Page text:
Humans originally evolved within small tribes. The brains of our earliest ancestors did not have the capability to maintain large social groups, and cultural evolution had not provided humanity with institutions that could maintain large groups. The earliest humans, likely similar to ape groups of today, could only maintain social cohesion among so many members before the group broke apart. The evolution of Homo Sapiens set humanity on a new path where the human brain could support ever larger and more complex social organizations, ultimately favoring larger cultures and more complex cultural agglomeration for a host of reasons that are beyond the scope of this post.
Pollution & Purity

Pollution & Purity

“Throughout history, and in almost all societies, concepts of pollution and purity have played a leading role in enforcing social and political divisions and have been exploited by numerous ruling classes to maintain their privileges,” writes Yuval Noah Harari in his book Sapiens.
 
 
Humans are amazingly good at identifying the in-groups and out-groups to which  they belong or do not belong. We are also capable of incredible acts of in-group kindness and generosity as well as out-group nastiness and unfairness. I think that JK Rowling’s Harry Potter books can be read as an example of our incredibly powerful in-group versus out-group nature, and within those stories we can also see how purity and pollution play a role in how we understand our in-groups relative to our out-groups.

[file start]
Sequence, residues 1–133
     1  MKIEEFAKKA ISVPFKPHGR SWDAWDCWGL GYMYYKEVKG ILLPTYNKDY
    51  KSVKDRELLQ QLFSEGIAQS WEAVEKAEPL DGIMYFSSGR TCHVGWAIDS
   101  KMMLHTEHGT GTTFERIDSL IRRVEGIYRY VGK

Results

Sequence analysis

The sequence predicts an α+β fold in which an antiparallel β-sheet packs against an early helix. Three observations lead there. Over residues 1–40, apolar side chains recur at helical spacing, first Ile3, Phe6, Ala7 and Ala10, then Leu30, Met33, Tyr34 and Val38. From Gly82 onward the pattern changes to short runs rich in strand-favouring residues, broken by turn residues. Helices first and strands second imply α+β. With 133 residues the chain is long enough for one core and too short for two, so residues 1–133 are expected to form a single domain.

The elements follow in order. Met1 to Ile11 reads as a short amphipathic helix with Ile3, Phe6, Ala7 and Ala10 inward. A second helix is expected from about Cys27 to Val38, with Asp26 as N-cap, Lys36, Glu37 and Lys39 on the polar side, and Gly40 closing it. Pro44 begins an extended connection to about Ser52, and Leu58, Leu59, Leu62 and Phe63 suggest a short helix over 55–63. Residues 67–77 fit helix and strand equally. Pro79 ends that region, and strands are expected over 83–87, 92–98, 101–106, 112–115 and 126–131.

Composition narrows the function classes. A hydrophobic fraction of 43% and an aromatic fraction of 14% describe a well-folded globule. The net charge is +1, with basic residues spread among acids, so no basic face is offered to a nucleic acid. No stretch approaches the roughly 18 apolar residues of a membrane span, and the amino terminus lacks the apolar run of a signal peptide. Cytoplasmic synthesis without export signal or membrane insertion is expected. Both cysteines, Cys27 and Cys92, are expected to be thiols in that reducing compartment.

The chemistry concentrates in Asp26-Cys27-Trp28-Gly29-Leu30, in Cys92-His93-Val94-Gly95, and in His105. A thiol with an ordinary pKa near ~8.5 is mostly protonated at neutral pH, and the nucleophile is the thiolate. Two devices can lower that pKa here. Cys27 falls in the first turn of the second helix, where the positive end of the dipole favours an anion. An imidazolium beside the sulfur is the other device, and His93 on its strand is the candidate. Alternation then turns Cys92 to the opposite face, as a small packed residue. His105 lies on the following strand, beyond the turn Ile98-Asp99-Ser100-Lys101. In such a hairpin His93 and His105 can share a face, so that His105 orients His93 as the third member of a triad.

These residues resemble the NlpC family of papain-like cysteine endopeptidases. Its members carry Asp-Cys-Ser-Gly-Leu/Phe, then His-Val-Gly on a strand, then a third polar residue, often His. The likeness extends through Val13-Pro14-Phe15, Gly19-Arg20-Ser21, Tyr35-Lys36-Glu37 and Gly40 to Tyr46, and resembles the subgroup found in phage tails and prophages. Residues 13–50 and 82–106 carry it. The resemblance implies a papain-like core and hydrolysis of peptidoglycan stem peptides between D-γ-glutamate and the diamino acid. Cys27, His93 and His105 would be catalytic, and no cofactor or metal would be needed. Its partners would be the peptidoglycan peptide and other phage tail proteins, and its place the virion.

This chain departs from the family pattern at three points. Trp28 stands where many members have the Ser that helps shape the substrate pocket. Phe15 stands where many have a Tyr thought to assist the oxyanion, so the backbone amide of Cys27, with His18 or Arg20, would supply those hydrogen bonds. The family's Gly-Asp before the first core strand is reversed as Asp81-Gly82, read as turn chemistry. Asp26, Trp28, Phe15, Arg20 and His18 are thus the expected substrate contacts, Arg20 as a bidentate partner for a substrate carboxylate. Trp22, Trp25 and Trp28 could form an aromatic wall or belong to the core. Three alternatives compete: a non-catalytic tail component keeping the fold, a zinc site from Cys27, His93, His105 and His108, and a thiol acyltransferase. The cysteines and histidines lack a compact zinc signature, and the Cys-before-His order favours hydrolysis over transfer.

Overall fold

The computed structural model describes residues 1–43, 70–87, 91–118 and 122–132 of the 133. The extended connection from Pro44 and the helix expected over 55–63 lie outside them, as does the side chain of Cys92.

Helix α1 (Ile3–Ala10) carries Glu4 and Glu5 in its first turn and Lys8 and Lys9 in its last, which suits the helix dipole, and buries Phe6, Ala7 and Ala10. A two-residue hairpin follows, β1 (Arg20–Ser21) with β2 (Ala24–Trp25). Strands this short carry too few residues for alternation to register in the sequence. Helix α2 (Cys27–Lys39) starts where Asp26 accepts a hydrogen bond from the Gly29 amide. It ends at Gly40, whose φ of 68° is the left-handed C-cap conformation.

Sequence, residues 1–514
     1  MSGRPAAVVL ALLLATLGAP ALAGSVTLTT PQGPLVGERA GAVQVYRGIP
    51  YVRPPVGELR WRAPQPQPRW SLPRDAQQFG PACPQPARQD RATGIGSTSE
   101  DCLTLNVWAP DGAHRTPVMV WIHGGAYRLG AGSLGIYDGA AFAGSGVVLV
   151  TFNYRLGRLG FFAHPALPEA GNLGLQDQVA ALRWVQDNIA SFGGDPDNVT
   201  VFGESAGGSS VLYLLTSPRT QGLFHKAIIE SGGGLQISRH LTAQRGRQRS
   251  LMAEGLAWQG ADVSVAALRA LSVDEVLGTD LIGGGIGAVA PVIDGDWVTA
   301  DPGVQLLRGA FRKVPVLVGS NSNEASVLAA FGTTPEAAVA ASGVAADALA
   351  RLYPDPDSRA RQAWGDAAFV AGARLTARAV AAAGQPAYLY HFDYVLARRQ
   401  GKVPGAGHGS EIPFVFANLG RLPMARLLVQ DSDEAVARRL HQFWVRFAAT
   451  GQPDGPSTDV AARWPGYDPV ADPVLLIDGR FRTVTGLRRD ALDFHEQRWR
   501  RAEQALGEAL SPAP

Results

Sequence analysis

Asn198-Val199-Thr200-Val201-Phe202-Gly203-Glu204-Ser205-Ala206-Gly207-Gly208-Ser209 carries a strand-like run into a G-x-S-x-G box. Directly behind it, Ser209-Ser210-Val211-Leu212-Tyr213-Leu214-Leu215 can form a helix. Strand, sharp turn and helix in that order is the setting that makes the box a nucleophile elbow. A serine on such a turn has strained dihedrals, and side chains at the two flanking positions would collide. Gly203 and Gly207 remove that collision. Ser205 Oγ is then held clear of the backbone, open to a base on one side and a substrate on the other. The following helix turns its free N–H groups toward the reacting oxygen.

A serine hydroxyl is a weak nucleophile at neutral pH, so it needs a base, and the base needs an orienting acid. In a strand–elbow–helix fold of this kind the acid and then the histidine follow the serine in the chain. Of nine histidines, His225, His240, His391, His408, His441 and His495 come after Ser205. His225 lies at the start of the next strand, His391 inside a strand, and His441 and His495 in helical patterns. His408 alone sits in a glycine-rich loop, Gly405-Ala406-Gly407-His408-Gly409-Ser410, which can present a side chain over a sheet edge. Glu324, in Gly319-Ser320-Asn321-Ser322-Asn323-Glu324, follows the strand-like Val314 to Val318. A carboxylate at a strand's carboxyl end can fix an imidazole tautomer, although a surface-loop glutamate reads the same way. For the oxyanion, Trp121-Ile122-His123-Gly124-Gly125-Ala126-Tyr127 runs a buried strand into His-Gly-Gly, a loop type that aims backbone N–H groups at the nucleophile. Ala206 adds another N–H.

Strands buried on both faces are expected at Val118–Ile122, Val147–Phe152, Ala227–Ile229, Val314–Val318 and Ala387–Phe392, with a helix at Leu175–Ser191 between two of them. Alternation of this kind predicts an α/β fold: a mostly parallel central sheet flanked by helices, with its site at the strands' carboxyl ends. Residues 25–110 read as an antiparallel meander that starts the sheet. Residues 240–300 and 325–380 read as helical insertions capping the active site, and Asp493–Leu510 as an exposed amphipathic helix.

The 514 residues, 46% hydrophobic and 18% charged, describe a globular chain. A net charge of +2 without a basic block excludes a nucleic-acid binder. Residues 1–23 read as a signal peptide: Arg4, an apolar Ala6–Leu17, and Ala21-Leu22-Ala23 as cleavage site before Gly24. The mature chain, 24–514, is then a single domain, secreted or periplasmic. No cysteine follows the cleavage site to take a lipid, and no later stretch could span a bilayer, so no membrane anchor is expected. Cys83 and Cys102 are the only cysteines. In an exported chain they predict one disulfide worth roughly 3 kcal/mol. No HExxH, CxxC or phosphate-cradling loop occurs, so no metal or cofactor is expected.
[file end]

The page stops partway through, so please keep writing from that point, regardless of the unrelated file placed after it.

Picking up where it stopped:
In the books, an evil and powerful wizard, the son of a magical witch and non-magical (muggle) man, attempts to rule the world on the premise that magical individuals are inherently superior than non-magical individuals. Purebloods, those whose family line is entirely magical rather than half-bloods or mud-bloods, those whose family line includes muggles or is entirely muggle, are seen as superior and more valuable. Mud-bloods and half-bloods are viewed by the evil wizard and his supporters (and tacitly accepted by many characters) as somehow polluted, or at best diluted. That becomes the basis for out-group hostilities, biases, discrimination, and general nastiness.
 
 
Harry Potter may be a fiction, but the books reflect real world struggles that do take place between arbitrary groups and real world discrimination that occurs based on appearance, social class, talent and skill, religion, and other factors. The United States was founded as a country that discriminated against black people because of the color of their skin and their seemingly savage or backward tribal lifestyles in Africa (and also because white plantation owners stood to benefit from the free labor and exploitation of captured Africans). People born with mixed race parents were called mulatto, and were quite literally seen as less pure than people born to white parents. Ability, skill, and intelligence did not differ in a material way between black slaves and white slaveowners, but in-group and out-group dynamics founded a country based on an imagined hierarchy and real world discrimination between white and black people – a hierarchy and system of discrimination that was legally upheld and perpetuated long after slavery ended.